Payroll Tax Provisions Breakdown
Employee Retention Credit
Refundable payroll tax credit equal to 50 percent of up to $10,000 in wages per employee (including health benefits) paid by employers during the coronavirus crisis.
Available to Employers:
- Whose operations were fully or partially shut down by government order limiting commerce, travel, or group meetings due to coronavirus, or
- Whose quarterly receipts are less than 50% for the same quarter in the prior year.
To prevent double dipping, employers that receive Small Business interruption loans are not eligible for the credit. Additionally, wages that qualify for the emergency paid leave credit (FFCRA) are not eligible for the credit. The credit is for wages paid by eligible employers from March 13, 2020 through December 31, 2020.
Social Security Tax Deferment
Allows employers and self-employed individuals to defer payment of the employer share of the Social Security tax they otherwise are responsible for paying to the federal government with respect to their employees.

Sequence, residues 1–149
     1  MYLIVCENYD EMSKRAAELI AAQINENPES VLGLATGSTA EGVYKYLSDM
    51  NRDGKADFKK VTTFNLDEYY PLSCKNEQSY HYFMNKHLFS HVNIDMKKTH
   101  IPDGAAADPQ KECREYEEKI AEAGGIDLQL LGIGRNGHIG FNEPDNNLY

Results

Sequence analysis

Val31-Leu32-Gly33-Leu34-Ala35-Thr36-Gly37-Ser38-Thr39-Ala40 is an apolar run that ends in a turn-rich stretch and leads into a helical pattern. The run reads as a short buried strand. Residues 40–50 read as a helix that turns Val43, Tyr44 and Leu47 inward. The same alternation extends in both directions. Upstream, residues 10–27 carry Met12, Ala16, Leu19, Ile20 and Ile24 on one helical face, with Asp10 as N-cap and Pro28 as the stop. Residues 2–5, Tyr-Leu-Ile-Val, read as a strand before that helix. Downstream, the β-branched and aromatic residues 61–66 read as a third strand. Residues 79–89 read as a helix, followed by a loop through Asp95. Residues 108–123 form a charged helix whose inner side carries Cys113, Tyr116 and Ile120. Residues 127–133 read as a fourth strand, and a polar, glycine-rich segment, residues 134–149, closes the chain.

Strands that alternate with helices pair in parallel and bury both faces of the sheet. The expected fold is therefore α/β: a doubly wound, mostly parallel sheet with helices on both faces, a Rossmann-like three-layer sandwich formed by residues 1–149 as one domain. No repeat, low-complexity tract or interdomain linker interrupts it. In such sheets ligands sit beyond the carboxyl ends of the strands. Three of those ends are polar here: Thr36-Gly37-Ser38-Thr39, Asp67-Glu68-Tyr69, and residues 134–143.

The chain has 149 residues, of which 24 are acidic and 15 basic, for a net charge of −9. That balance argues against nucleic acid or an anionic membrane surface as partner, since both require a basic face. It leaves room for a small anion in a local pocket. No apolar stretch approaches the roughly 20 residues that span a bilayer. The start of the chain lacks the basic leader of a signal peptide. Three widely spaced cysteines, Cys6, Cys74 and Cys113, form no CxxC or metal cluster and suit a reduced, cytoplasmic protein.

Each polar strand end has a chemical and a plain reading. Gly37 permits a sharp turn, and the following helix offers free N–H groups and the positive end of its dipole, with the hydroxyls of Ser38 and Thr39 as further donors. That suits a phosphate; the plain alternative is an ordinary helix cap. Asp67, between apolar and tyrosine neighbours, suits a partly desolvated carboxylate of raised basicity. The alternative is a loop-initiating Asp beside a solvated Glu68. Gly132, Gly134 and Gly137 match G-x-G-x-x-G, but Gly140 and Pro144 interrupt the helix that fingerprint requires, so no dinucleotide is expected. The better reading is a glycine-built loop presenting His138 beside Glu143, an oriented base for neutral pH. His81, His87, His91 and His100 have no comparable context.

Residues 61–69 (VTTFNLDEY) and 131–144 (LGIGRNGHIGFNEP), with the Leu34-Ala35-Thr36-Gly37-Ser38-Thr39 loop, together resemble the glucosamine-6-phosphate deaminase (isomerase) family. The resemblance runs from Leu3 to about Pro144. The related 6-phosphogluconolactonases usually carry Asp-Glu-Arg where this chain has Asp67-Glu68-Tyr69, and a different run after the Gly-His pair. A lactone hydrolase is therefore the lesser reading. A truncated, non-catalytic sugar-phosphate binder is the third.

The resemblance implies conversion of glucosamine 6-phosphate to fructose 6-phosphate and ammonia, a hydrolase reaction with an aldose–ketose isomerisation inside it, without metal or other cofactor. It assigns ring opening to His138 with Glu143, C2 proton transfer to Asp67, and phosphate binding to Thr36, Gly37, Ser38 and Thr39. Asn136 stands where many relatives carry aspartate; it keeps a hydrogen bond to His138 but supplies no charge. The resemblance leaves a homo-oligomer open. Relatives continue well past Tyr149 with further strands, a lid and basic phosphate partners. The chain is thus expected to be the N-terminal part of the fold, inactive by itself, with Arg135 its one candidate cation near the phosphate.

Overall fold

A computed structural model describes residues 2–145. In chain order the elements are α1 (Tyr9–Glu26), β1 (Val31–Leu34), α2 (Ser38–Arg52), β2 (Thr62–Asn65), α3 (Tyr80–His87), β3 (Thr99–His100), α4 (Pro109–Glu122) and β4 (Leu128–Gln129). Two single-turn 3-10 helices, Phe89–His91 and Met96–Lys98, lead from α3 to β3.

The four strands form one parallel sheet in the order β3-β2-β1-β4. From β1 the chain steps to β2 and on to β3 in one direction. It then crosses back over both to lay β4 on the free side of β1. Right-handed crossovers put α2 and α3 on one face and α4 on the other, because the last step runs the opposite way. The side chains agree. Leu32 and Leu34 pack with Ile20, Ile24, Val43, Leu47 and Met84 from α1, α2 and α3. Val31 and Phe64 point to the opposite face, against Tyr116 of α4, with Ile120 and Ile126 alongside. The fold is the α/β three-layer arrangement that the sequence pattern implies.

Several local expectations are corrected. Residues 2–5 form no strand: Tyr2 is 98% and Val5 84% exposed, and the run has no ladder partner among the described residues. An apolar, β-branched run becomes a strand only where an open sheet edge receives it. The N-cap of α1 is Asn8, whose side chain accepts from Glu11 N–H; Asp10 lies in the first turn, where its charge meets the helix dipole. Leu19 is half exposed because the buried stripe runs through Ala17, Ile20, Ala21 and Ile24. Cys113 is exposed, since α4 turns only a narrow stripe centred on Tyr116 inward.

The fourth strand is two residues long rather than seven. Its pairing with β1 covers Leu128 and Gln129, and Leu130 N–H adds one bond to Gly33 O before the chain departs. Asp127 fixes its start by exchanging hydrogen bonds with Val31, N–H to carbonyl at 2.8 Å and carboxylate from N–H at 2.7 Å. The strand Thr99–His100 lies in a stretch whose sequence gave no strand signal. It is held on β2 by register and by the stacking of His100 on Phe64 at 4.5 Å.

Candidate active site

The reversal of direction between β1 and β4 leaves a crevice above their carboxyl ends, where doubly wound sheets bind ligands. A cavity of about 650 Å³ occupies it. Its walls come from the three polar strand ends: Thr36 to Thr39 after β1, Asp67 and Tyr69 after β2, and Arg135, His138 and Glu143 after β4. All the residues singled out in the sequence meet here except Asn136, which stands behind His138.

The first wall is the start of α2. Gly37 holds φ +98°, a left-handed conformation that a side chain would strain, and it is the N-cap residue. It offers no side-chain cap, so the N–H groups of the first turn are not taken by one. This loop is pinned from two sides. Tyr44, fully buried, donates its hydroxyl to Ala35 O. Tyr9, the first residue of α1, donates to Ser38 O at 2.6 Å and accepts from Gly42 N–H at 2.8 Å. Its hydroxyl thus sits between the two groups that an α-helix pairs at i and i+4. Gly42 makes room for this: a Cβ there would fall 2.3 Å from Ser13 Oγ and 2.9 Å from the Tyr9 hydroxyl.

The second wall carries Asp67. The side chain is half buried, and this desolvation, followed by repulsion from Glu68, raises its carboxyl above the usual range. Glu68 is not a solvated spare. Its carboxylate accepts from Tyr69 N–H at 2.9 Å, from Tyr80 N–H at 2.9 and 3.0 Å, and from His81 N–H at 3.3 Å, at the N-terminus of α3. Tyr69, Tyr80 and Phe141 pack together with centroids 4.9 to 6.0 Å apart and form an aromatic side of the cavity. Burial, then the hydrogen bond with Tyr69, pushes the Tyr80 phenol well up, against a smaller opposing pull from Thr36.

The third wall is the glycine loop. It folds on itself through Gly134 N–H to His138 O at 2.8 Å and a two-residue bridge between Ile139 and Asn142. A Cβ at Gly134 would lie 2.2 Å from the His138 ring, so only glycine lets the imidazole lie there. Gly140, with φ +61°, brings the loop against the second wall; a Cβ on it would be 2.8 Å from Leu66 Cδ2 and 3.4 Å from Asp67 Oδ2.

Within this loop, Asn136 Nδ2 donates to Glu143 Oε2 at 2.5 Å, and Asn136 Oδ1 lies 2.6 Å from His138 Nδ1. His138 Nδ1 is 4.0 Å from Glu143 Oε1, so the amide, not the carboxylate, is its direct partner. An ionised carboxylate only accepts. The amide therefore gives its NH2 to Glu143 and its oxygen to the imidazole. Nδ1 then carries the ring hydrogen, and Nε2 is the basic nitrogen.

Note: Employers generally are responsible for paying a 6.2-percent Social Security tax on employee wages. The provision requires that the deferred employment tax be paid over the following two years, with half of the amount required to be paid by Dec. 31, 2021 and the other half by Dec. 31, 2022.
Section 3606. Advance Refunding of Credits
- Allows employers to receive an advance tax credit from Treasury instead of having to be reimbursed on the back end. Creates regulatory authority to implement the tax credit advances.
- These tax provisions relate to payroll. There are several other tax provisions and incentives in the CARES Act. Upon Presidential execution, please see your tax professional.
NOTE: This presentation/information is not intended to be exhaustive nor should any discussion or opinions be construed as legal advice.